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  • 1. EMPLOYEE MPLOYEE INVOLVEMENT NVOLVEMENTReport produced for the EC funded projectINNOREGIO: dissemination of innovation and knowledge management techniques by Apostolos Apostolou D. of Production Engineering & Management Technical University of Crete J A N U A R Y 2 0 0 0
  • 2. EMPLOYEE INVOLVEMENT 1Contents1 Description1.1 What is Employee Involvement and Empowerment1.2 Objectives1.3 Methodology1.4 Alternative techniques1.5 Expected Results / Benefits1.6 Characteristics of firms and service providers2 Application2.1 Where the technique has been applied2.2 Types of firms / organizations concerned2.3 Duration and Implementation cost2.4 European Organizations Supporting the implementation of the method3 Implementation Procedures3.1 Steps / Phases3.2 A few obstacles and recommended solutions4 Bibliographic References AnnexINNOREGIO project A. Apostolou Technical University of Crete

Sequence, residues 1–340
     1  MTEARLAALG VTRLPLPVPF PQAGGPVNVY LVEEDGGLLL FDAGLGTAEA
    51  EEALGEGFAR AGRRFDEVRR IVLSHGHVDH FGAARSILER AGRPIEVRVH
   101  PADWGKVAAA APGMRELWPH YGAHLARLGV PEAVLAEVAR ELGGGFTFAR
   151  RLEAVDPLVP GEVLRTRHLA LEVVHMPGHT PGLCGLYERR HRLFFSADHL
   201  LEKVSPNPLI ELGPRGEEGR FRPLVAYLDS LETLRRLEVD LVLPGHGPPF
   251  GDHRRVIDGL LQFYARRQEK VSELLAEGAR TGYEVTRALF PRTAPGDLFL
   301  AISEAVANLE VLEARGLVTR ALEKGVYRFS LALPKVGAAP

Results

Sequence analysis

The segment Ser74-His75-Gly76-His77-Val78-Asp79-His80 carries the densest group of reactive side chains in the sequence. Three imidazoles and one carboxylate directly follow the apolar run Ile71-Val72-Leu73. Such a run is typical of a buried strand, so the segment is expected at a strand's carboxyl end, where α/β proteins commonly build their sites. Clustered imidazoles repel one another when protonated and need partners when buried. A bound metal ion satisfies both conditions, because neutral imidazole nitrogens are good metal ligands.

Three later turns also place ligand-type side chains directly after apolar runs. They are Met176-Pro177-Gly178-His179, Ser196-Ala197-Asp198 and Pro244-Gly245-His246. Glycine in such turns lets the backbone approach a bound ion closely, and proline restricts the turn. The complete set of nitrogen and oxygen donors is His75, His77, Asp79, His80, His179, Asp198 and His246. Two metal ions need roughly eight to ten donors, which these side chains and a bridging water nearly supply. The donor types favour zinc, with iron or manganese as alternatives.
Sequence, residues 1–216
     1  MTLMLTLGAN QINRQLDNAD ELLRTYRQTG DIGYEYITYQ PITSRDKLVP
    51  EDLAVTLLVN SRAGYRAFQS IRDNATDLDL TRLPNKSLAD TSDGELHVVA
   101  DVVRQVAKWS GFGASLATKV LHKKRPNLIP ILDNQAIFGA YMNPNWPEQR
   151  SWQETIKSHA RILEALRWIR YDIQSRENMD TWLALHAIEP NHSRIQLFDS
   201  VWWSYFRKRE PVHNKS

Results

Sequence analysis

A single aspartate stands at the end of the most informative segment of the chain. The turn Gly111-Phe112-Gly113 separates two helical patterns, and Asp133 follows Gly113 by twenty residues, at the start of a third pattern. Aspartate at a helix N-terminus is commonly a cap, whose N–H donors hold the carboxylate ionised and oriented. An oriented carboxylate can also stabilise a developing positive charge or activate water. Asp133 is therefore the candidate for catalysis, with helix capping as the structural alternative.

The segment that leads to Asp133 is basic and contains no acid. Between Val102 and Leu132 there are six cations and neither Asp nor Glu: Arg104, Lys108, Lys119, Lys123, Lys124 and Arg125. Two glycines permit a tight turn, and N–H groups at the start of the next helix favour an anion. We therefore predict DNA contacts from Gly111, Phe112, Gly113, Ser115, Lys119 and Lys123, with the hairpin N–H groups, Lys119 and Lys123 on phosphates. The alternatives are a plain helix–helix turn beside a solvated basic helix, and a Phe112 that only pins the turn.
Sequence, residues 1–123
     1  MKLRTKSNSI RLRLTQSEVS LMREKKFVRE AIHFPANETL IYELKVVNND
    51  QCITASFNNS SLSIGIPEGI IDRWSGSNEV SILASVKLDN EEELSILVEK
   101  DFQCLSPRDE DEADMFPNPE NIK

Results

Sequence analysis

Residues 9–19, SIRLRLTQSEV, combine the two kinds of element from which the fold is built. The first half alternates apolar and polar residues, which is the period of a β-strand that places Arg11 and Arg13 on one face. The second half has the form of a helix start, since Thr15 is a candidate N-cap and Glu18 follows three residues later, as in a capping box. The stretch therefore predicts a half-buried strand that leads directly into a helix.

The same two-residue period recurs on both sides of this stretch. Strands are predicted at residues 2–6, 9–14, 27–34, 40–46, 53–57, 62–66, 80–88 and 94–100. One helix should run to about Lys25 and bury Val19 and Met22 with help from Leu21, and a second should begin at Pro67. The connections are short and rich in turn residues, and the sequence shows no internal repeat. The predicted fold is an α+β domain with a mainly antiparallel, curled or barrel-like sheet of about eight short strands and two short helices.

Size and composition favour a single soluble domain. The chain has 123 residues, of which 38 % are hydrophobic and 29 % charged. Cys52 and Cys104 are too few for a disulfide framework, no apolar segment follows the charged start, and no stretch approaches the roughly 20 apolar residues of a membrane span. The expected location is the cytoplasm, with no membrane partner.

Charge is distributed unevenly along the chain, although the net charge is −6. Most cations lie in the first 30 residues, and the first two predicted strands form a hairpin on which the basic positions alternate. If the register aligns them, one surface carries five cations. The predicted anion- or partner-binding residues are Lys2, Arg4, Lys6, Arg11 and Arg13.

• 3. EMPLOYEE INVOLVEMENT 21 DESCRIPTION When an organization truly wants to create a positive work environment that is based on high trust, exceptional customer service, collaborative teamwork, operational excellence, and creative problem solving, then the leadership team must begin to understand, invest in, and be responsive to the needs of the group that represents the organization’s most valuable assets, and is also one of its most important customers, the employees. The return on such nominal investments will come in the form of higher levels of employee motivation, creativity, productivity, and commitment that will move the organization forward with greater profitability. A fundamental Total Quality Management precept is that employees must be involved and empowered. Employee involvement means that every employee is regarded as a unique human being, not just a cog in a machine, and each employee is involved in helping the organization meet its goals. Each employee’s input is solicited and valued by his/her management. Employees and management recognize that each employee is involved in running the business. Employee empowerment is a somewhat different concept. It means that in addition to involving employees in running the business, employees and management recognize that many problems or obstacles to achieving organizational goals can be identified and solved by employees. Employee empowerment means that management recognizes this ability, and provides employees with the tools and authority required to continuously improve their performance. The management states its expectations about employees recognizing and solving problems, and empowers them to do so.1.1 What is Employee Involvement and empowerment One of the greatest underlying factors in the success or failure of any organization is the power of its people, and how well that power is focused towards meeting the organization’s objectives. Modern manufacturing management pursues the goal of a paperless factory, with design concepts moving from an engineering computer – aided – design terminal through data links to a computer – aided – manufacturing terminal, which in turn drives a numerically controlled machine. The above factory automation example notwithstanding, all companies operate on the strengths and weaknesses of their employees. Even in a fully automated factory, employees have to design, maintain, and operate the systems that create output. Organizations that can tap the strengths of their people will be stronger and more competitive than those that cannot. Organizations that regard people as automatons or mere cogs in a wheel will never realize their full potential. In the long run, such companies’ inefficiencies attract competition, and unless the management philosophy changes, they will disappear. Employee involvement is a process for empowering employees to participate in managerial decision-making and improvement activities appropriate to their levels in the organization. Since McGregor’s Theory Y first brought to managers the idea of a participative management style, employee involvement has taken many forms, including the job design approaches and special activities such as quality of work life (QWL) programs. INNOREGIO project A. Apostolou Technical University of Crete